Long-Haul Satellite Internet: In the mid-1990s, Pat involved the team in projects to link computers into continent-spanning wide area networks (WANs) using NASA's currently non-operational Advanced Communications Technology Satellite (ACTS) and other satellites. In one project, a researcher in Japan used a bank of Macintosh computers in his lab to process 2D anatomical image "slices" of the human body and transmit them via a two-satellite hop to the National Library of Medicine in Bethesda, Maryland.

Internet2: In the early 2000's, Pat's team shepherded Goddard onto Internet2, a national high-speed network for universities, federal agencies, national labs, and other research assets. In 2002, the team demonstrated data rates up to 8 gigabits (billion bits) per second to the University of Maryland in College Park at a time when speeds of 100 megabits per second were the norm.

Conference Demos: Over more than a decade, Pat's group has been a major contributor to cutting-edge networking technology demonstrations at the annual Supercomputing (SC) and other conferences. Here are a few highlights:

  • At iGrid 2005 in San Diego, California, the team demonstrated a holographic 3D video broadcast from Goddard to the University of California, San Diego, over the National LambdaRail high-speed data network. The broadcast consisted of a toy train circling a track in one of the computing rooms at Goddard's Building 28, the longtime home base for Pat's group. The technology was further demonstrated at SC2007 in Reno, Nevada, showing 3D visualizations of explosive events on the sun called coronal mass ejections.
  • At SC 2009, the team achieved a 10-gigabit-per-second data transfer between a server at Goddard and one at the meeting in Portland, Oregon. This was a so-called "disk to disk," or DTD, data transfer, in which the speed of the data flow is measured between the actual hard drives rather than across the network connections. Hard drives are a notorious bottleneck in high-performance networks; however, Pat's team has developed innovative ways to set up the hardware, software, and networking paths to allow the fastest possible data flow.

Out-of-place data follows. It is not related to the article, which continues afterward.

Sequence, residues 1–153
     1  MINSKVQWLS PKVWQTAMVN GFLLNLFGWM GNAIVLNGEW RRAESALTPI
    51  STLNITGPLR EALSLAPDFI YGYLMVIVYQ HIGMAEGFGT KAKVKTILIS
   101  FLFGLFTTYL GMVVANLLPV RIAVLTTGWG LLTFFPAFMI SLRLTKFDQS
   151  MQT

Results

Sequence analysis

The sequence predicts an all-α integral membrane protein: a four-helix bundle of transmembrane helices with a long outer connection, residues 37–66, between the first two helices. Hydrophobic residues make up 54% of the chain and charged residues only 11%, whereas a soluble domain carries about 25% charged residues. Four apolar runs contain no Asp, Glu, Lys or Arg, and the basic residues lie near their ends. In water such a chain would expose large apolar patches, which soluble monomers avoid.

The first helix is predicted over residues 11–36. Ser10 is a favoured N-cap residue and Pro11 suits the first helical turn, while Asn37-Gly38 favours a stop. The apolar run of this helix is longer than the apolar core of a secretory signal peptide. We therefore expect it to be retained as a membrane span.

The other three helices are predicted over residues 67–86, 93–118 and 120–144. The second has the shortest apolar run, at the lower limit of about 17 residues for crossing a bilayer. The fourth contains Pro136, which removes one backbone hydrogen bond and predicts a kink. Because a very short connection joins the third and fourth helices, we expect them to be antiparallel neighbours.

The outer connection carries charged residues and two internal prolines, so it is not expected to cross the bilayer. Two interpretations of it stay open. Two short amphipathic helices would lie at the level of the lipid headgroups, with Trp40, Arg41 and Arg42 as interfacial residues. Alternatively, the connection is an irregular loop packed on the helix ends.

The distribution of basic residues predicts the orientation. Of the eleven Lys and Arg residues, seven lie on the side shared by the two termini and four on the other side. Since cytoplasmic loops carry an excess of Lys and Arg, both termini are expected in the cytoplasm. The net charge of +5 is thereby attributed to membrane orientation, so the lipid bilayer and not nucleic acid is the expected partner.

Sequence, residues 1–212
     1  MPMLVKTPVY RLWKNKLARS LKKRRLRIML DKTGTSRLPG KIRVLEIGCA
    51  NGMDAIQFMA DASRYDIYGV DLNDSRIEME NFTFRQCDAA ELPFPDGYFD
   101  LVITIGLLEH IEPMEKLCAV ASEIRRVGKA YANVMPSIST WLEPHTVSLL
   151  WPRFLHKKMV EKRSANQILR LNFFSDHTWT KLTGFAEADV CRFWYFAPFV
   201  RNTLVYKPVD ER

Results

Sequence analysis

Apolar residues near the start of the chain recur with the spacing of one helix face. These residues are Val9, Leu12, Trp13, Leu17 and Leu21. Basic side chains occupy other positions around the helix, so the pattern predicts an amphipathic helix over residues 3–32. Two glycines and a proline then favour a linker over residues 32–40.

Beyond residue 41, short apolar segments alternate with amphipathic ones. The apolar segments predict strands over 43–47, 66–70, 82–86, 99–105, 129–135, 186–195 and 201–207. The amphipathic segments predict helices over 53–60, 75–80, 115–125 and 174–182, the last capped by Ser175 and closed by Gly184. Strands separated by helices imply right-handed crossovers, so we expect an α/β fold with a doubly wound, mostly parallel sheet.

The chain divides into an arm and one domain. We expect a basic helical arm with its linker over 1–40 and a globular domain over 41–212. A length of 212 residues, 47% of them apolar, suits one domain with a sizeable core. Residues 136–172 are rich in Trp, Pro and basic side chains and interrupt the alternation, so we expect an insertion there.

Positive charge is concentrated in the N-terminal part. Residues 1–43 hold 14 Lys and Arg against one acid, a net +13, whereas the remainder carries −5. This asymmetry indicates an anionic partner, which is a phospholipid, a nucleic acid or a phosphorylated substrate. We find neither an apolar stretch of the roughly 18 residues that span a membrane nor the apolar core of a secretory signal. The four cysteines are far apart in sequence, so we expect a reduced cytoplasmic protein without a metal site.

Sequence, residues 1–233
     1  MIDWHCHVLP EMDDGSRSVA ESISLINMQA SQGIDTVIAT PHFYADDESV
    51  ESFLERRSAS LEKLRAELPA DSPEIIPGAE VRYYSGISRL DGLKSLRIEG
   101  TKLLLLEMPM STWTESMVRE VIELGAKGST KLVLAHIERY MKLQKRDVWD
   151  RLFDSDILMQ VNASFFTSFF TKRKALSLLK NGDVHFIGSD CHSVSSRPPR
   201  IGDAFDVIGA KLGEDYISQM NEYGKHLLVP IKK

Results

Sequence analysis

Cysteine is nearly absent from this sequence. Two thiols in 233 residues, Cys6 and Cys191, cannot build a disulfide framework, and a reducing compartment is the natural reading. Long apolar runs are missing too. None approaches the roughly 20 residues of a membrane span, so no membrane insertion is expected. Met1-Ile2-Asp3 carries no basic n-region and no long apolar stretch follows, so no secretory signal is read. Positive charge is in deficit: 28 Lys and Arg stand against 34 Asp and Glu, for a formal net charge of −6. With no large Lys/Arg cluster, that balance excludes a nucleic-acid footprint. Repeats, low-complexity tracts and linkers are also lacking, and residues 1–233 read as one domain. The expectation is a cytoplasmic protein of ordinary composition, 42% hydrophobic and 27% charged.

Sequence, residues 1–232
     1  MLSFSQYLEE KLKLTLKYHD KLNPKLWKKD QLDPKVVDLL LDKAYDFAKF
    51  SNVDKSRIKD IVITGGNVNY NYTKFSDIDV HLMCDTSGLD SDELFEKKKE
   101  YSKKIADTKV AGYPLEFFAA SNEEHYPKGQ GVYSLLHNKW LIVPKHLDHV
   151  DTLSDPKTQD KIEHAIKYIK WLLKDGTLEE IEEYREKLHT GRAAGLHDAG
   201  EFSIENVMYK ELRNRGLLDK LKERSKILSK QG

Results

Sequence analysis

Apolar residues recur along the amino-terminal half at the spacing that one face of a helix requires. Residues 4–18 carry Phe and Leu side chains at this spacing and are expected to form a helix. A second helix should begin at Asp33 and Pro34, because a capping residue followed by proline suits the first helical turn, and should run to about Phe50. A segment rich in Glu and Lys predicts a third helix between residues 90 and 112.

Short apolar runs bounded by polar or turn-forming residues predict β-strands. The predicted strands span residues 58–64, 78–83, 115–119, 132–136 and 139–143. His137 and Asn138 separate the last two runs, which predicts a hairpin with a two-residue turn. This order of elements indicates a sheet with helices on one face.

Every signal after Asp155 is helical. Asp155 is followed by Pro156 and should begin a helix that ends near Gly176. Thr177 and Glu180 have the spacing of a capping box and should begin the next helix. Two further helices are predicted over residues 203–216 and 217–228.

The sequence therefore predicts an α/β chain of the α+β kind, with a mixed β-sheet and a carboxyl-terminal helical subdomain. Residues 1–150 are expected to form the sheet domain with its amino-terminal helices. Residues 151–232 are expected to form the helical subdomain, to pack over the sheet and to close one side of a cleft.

• The importance of DTD data transfer technology continues to drive innovation. At SC2010 in New Orleans, Pat's group demonstrated a 30-gigabit data transfer. The the next planned milestone is a blistering 100 gigabits. Just for scale, that is 5,000 times faster than a typical 20-megabit home fiber optic Internet connection.
  • The technical triumphs are only partly about obtaining access to advanced technology, according to NASA computer scientist James Fischer, a longtime colleague and friend in the Computational and Information Sciences and Technology Office (Code 606). The key ingredient was not just hardware, but the "wetware" of genuine human relationships.

    "He turned these relationships into opportunities for Goddard to have better networks and greater functionality," says Fischer. "He was even tempered in the face of resistance to collaboration, which can be a very frustrating process at times. He never showed it."

    Pushing the boundaries of the possible — with a lot of help, of course, from his friends. That is how colleagues remember Pat Gary, one of NASA Goddard's best and brightest.

    Daniel Pendick
    SED Web Services Group (606.1)
    NASA Goddard Space Flight Center
    group photo of pat gary group

    Pat Gary's high-performance networking team in 2006, receiving a Group Achievement Honor Award at NASA Goddard. Click to enlarge and see names of group members.

    Related Links

    High End Computer Network (HECN)

    High Performance Computing and Communications (HPCC) Program

    Science and Engineering Network (SEN)

    The Supercomputing (SC) Conference Series

    Advanced Technology Demonstration Network (ATDnet)

    NASA Logo, National Aeronautics and Space Administration